Is low B12 the cause of your unexplained health symptoms? Why you need B12
Why you need B12 it and how to get it
I’m seeing a growing trend amongst clients and friends of an escalation of symptoms, which are finally diagnosed as a B12 deficiency.
Why is it taking months (if not years) to diagnose, and what steps can you take to ensure it doesn’t happen to you?
Signs and Symptoms
One of the most striking aspects of low B12 is extreme fatigue and lethargy. Running so low on energy that there is none left to continue daily tasks.
Other common symptoms are confusion, poor memory recall, low mood-even depression, muscle weakness, dizziness, loss of appetite, headaches, pale skin, irritability, breathlessness and palpitations.
It’s a very long list, and those that have a genuine B12 deficiency can be left feeling extremely debilitated and worried about what may be happening to them. Just what is going on in the body?
B12 – one of the many water-soluble B vitamins – is a key factor in the manufacturer of red blood cells. These carry oxygen around the body. It is involved in the manufacture of new DNA. It is also a critical component of brain and nerve health.
Food Sources – why vegans must be careful
Vegetarians and especially vegans are at a distinct disadvantage. This is an animal derived vitamin, found rich in red meats, organ meats, poultry and fish. It is also found in eggs and dairy.
Vegans may say that yeast extract, spirulina and nutritional yeast contain B12, but the amounts are miniscule and will not deliver the NRV (nutrient reference value (the old “RDA”) required every day.
5 years to identify a deficiency
It can take 5 years to show up a deficiency – possibly less. Even though B12 is water-soluble (so not stored in fat cells in the body), the liver can store some B12 for up to 4 years (on average 2-4 years).
During the later stages, the 5th year (or even earlier), your body can start to show these deficiency signs and symptoms.
It is one reason why some vegans may feel they thrive on a vegan diet initially, but a few years in can feel quite depleted with typical symptoms of low energy and low mood.
The critical role of stomach acid – don’t ignore symptoms!
Stomach acid is a crucial aspect for the absorption of B12 alongside another stomach secretion called intrinsic factor.
Stomach acid cleaves apart B12 from the food whilst intrinsic factor helps its absorption into the bloodstream.
We take it for granted that throughout life our body is perfectly capable of digesting food, but unfortunately there are several factors that can interfere with this process.
Do you take stomach acid lowering medication? Certain types of medications like Rinitidine and Zantac block intrinsic factor, as well as lowering stomach acid.
Other PPIs (proton pump inhibitors) are designed to lower stomach acid, which may leave you with too little to effectively absorb B12.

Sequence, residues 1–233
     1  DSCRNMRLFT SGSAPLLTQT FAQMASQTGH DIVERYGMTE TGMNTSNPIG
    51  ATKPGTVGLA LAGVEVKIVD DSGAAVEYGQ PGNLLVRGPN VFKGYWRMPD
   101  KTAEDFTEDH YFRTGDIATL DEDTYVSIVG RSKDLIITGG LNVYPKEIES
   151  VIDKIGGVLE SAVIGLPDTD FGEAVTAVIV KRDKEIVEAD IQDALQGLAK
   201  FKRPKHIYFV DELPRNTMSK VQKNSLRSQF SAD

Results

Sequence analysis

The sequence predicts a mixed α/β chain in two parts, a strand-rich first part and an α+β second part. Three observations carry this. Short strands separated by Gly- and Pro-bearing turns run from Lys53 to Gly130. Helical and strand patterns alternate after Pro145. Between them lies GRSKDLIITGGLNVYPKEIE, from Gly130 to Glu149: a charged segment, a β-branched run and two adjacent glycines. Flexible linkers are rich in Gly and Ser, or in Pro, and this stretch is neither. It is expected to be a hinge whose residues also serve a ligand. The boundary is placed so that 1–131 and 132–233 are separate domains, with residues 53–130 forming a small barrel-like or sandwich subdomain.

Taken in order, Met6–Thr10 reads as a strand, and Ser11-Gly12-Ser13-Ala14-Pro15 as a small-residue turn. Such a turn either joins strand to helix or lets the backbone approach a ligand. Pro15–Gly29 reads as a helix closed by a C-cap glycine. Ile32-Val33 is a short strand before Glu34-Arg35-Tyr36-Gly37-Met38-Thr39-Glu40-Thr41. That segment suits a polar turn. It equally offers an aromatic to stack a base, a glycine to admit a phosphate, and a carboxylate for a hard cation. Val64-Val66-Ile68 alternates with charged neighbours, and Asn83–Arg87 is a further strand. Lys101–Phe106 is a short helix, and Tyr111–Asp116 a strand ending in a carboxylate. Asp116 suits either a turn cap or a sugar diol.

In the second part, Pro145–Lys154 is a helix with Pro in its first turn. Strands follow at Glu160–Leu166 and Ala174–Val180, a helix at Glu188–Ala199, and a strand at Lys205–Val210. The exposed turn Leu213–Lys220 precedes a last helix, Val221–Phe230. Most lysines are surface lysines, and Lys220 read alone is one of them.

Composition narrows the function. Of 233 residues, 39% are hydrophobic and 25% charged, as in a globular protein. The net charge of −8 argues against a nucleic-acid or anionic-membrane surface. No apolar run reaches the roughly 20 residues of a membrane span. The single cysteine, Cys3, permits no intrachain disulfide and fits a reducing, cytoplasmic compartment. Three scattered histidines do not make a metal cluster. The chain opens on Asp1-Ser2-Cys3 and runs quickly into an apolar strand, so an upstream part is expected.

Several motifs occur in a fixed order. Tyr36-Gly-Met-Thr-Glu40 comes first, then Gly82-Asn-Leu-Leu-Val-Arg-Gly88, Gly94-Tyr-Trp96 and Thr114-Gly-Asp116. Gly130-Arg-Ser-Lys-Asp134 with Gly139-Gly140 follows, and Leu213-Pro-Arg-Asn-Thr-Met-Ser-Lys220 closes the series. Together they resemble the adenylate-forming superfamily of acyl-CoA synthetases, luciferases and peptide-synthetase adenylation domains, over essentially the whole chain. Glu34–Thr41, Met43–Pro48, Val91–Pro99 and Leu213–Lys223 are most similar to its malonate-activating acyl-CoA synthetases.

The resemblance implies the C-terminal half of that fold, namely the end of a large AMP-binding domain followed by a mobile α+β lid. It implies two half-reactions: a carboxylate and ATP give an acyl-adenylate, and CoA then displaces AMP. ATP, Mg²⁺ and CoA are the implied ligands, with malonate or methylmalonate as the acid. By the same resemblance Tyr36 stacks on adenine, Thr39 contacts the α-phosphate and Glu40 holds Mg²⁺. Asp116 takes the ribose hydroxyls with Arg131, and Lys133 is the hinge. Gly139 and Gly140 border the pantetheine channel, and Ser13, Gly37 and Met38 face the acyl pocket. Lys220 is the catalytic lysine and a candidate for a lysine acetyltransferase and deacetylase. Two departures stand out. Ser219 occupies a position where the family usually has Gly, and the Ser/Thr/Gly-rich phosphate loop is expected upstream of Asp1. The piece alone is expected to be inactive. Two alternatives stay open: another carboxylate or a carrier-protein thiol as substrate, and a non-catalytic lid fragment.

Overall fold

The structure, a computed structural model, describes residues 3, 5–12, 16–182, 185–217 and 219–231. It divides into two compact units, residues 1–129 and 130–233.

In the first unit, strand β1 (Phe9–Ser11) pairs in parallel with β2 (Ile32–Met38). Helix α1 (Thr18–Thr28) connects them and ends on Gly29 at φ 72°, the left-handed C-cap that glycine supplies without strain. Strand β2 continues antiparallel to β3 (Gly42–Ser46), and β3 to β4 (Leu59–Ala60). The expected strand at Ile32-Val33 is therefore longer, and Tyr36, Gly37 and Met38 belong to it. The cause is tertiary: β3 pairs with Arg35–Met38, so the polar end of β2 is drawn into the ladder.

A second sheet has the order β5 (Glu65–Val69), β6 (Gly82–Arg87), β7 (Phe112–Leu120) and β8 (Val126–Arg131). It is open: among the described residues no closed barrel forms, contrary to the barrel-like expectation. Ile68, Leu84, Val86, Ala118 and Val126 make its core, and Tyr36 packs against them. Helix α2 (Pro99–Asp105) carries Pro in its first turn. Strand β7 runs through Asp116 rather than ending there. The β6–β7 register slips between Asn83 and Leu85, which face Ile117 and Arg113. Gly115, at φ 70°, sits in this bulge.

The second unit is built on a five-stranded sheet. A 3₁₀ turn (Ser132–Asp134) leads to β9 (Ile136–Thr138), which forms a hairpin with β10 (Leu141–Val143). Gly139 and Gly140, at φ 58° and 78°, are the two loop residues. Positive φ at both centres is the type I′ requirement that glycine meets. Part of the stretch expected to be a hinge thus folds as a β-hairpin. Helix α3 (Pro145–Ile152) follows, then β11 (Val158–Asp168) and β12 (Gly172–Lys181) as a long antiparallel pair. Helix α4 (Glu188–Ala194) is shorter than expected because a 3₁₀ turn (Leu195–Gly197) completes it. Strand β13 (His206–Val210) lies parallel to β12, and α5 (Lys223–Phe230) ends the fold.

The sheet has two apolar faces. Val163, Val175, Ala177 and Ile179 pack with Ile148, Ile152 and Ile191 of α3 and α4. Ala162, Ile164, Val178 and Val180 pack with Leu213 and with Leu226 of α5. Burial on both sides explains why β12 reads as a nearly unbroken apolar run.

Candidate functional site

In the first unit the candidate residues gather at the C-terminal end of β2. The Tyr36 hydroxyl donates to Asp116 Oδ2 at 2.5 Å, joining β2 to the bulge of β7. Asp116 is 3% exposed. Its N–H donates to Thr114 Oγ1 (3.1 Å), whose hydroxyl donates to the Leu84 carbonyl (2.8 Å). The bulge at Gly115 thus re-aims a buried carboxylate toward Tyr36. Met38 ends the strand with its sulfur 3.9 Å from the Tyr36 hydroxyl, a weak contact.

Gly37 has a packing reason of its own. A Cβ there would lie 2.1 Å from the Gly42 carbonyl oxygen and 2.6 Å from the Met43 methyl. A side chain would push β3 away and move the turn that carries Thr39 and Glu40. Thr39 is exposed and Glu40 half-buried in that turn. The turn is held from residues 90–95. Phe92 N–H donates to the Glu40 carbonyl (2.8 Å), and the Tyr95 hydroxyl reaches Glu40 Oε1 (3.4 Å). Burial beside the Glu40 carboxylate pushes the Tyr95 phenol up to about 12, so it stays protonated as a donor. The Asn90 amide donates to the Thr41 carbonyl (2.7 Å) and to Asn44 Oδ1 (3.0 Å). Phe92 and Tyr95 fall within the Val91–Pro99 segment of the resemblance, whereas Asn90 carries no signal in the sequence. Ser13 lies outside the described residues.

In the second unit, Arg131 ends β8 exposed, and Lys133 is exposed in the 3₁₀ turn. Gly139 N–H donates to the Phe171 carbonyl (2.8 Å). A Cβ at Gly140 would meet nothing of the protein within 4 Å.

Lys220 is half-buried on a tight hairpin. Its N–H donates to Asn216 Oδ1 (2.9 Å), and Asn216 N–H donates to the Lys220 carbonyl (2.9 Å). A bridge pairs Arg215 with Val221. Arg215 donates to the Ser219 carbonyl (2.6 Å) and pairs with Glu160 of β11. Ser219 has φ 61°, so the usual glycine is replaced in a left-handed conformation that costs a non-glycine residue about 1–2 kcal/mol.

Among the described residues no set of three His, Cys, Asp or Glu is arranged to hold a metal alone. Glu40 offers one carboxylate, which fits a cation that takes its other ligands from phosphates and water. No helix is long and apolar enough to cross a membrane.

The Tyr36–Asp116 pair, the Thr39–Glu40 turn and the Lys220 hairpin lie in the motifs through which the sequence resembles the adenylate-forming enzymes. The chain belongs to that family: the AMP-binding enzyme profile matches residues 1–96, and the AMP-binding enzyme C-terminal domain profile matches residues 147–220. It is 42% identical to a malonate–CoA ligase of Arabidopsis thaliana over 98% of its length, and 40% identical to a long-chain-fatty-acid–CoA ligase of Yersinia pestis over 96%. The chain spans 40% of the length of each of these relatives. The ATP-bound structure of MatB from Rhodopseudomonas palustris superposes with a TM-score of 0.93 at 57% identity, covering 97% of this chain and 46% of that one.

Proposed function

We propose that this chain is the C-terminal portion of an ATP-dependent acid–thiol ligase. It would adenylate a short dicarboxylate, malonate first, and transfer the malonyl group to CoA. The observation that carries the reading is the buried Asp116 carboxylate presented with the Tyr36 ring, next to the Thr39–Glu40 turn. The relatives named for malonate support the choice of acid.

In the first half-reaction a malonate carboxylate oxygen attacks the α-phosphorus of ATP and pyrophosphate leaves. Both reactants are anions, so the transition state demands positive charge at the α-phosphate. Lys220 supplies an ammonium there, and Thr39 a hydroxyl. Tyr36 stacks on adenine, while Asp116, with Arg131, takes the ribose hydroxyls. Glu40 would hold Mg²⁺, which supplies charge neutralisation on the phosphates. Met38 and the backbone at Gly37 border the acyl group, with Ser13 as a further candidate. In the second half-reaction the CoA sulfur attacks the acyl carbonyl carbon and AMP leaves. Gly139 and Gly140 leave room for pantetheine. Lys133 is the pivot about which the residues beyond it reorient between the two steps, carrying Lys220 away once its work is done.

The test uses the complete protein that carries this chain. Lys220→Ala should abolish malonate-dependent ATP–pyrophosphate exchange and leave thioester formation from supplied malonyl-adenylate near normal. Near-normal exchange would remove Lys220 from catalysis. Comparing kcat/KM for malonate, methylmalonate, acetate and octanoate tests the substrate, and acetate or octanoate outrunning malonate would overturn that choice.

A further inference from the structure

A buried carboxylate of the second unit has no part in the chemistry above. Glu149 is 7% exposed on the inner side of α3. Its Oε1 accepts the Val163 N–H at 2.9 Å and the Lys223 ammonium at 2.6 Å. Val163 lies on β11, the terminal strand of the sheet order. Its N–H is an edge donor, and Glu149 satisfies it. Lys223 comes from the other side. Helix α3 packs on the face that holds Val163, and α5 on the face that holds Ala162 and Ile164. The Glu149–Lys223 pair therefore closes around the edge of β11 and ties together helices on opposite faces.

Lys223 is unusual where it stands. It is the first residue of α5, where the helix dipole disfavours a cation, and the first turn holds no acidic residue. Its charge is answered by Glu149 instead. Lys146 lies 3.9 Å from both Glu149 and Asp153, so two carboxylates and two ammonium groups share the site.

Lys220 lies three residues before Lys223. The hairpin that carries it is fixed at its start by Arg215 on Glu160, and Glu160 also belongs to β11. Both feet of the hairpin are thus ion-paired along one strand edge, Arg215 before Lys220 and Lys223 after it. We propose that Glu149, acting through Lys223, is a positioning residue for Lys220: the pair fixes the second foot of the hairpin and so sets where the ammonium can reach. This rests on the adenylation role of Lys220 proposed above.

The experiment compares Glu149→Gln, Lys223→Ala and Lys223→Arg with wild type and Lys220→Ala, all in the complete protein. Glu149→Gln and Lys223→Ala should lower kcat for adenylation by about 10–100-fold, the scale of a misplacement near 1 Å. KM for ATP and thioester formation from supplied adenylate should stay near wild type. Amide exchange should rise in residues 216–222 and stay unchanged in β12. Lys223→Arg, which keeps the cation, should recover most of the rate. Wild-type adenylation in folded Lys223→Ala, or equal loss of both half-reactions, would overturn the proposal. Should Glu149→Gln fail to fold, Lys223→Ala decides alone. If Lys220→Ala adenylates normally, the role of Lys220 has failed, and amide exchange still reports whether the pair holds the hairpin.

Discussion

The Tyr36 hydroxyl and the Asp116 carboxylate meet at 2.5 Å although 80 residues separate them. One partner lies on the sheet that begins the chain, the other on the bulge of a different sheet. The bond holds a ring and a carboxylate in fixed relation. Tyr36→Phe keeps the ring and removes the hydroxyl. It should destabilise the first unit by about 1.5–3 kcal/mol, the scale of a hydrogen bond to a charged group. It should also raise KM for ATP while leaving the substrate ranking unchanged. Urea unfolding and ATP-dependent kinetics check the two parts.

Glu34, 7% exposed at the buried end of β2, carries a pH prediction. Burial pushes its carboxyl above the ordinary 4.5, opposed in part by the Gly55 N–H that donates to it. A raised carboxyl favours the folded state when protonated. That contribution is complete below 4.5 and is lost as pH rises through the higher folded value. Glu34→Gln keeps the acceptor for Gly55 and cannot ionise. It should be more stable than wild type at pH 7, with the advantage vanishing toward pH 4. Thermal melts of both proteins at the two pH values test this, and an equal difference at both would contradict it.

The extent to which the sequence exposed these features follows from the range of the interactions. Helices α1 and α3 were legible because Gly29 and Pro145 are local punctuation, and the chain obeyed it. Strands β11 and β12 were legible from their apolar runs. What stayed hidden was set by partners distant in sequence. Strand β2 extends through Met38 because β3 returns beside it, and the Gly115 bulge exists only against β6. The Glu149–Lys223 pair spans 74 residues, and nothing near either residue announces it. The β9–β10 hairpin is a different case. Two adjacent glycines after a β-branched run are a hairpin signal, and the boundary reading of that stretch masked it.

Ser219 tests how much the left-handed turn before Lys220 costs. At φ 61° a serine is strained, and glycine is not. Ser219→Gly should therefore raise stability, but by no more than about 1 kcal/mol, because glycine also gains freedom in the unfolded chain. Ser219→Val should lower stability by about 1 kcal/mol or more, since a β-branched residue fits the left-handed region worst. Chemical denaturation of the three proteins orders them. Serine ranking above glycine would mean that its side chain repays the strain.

Do you experience digestive symptoms like bloating, burping, even indigestion or acid reflux? These can all be signs of natural low stomach acidity, although these symptoms are usually treated as having too much!
Are you experiencing stress in your life, since stress hinders the release of digestive secretions like stomach acid?
Are you over 40? Since as we age, our natural levels of stomach acidity start to decline.
Actions you can take now
You can request a B12 blood test from your GP or carry out a private test. Be aware that the “normal” range for B12 is very wide (185-960) so if you fall within the range – even if it’s on the low side – your GP may tell you your levels are OK.
If you experience the typical symptoms I list above, I would suggest your level is too low for you.
If your levels are very low, you may be offered a series of B12 injections, but it’s important to take action to keep your levels up going forward.
Choosing the right supplement is important. Remember, if you are low in stomach acid, a pill that requires “digestion” may not help increase your levels. I prefer an oral spray or a lozenge that dissolves under the tongue that bi-passes the digestive system altogether.
Typically, a supplement of 1000-3000mcg is recommended initially. Methyl cobalamin is considered to be the most absorbable form of B12.
Other than ensuring you have a regular intake of animal based foods, do take advice about stomach acid levels. One way to naturally increase secretions is to eat bitter foods like rocket or chicory at the start of your main meal.
Another simple solution is to consume 2 tsp lemon juice in 2 tsp water before eating.
I frequently recommend stomach acid as a supplement to clients, but this must be managed carefully with a trained professional.
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